How The Servicemembers Civil Relief Act Can Impact Your Custodial Case

Whether you are in the military or are the nonmilitary spouse, the Servicemembers Civil Relief Act, or SCRA, will play a part in your divorce if you share children with your spouse. If you are the military spouse, the SCRA can be beneficial to you. However, if you are not, it can be problematic. Here is what you need to know. 

What Is the SCRA?

The Servicemembers Civil Relief Act is a law that is allows for special treatment of members of the military when it comes to court proceedings. The SCRA is designed to protect service members in the courtroom so they can focus on their jobs. Unfortunately for nonmilitary spouses, this can lead to long delays in settling custodial matters. 

How Does the SCRA Impact You?

If you are the nonmilitary spouse, you could be forced to deal with delays in court. The law provides extra time for service members to respond to petitions and arrange hearings for times more convenient to them. Depending on your spouse's current status, you could possibly end up waiting until he or she has finished a deployment to have your custodial matters resolved.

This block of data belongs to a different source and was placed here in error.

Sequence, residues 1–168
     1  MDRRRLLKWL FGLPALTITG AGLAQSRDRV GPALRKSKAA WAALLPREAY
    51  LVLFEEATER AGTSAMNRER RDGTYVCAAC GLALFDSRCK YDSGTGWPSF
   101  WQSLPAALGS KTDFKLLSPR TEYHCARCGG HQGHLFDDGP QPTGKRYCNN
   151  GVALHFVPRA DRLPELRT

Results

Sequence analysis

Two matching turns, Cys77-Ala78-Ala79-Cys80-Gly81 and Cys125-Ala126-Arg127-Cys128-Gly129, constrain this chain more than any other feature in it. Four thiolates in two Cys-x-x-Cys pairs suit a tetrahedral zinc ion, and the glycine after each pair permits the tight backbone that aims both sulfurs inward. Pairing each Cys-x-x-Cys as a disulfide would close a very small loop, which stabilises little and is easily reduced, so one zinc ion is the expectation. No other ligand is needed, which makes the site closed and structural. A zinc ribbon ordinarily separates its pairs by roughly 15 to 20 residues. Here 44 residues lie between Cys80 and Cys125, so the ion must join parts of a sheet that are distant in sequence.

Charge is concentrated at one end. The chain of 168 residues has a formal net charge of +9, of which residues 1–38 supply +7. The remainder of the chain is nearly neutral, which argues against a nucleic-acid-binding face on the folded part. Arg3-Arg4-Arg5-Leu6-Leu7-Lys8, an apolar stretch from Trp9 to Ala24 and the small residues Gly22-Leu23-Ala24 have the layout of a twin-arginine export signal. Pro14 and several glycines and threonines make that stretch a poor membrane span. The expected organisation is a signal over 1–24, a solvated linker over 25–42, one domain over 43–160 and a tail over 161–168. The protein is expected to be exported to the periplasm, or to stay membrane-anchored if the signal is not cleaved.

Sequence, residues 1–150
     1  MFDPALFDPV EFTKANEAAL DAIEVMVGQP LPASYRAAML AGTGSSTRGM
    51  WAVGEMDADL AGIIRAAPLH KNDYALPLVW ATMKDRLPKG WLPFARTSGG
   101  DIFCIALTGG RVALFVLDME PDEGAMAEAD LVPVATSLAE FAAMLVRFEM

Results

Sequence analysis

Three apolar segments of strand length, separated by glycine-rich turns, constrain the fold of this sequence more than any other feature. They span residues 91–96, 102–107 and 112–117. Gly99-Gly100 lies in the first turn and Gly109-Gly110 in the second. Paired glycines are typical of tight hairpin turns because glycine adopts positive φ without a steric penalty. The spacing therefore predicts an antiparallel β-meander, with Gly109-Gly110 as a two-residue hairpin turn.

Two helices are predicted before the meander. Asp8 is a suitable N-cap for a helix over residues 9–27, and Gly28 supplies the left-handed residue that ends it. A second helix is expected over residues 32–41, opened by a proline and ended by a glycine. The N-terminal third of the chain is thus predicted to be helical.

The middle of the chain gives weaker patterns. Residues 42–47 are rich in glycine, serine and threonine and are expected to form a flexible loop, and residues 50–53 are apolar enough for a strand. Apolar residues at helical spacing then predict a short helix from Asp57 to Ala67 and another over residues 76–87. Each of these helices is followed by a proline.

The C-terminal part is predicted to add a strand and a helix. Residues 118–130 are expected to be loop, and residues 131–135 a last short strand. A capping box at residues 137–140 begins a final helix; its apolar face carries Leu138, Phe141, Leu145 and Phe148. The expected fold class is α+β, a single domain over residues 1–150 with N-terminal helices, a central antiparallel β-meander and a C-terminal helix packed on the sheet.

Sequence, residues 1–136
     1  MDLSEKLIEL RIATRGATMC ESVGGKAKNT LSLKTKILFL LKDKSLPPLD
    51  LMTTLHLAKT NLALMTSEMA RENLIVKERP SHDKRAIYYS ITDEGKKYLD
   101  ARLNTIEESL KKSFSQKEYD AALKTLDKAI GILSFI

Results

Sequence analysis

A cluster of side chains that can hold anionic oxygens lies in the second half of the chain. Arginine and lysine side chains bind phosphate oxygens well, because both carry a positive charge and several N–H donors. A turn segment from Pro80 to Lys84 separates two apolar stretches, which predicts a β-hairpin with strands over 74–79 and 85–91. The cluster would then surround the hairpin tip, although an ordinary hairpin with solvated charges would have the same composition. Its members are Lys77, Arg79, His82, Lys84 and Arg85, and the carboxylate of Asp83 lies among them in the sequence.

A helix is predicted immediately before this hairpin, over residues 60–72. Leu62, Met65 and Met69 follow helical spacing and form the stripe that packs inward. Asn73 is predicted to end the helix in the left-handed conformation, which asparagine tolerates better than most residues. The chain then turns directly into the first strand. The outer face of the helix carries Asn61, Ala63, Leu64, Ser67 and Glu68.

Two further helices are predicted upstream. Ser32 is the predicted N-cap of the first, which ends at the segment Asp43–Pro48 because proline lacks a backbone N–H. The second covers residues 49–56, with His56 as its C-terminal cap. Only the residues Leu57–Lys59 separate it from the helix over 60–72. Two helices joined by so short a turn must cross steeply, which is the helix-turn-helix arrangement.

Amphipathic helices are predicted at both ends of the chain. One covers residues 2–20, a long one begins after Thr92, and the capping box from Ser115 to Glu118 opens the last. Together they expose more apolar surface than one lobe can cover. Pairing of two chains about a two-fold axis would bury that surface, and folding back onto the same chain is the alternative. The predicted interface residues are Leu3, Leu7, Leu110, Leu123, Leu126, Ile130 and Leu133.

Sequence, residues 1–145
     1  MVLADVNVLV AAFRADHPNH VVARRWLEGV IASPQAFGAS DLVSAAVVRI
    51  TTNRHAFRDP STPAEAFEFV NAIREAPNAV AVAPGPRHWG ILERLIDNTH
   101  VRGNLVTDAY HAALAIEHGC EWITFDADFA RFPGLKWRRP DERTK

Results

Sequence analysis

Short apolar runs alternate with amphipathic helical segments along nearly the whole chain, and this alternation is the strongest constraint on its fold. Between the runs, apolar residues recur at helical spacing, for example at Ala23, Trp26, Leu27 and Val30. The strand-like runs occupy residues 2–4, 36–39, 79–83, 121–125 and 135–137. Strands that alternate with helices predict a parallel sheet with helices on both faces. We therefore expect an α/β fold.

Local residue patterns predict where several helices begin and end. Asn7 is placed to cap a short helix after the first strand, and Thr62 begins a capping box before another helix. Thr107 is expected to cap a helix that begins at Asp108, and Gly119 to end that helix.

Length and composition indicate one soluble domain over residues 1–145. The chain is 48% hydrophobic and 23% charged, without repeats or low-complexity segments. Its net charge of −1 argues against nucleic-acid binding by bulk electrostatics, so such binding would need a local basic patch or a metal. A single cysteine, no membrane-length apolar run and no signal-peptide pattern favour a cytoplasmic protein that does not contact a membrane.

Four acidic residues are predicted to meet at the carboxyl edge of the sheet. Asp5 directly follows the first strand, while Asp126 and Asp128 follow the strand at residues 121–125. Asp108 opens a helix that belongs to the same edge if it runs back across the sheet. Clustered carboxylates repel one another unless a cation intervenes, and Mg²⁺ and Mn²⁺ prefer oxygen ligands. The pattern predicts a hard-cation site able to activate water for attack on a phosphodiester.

If you are the spouse in the military, you can prevent changes to custody that could impact your relationship with your children. For instance, a court cannot grant your nonmilitary spouse permanent custody of your children while you are away. The most the court can do is commit to a temporary custodial order. 

It is important to note that the military spouse cannot use the SCRA to try and manipulate the custodial case to his or her advantage. If you suspect your spouse is deliberately hiding behind the law to delay court proceedings when a delay is not necessary, your attorney can file a motion with the court to push for proceedings to start. 

For instance, if your spouse is claiming that he or she does not have any available time to take off and attend court, you can take action to find out how much leave is available. A Leave and Earning Statement, or LES, can be filed in your case. The statement would provide you with information on exactly how much leave time your spouse has. If your spouse has enough time available to attend court, your attorney could ask that a date for the hearing be set. 

Even if you and your spouse are on good terms and have pledged to work together to resolve custodial matters, it is important to talk to an attorney. The attorney can provide you with invaluable advice that can help you overcome any possible roadblocks from the SCRA. For more information on divorce matters, contact a company like Nevada Legal Forms & Tax services.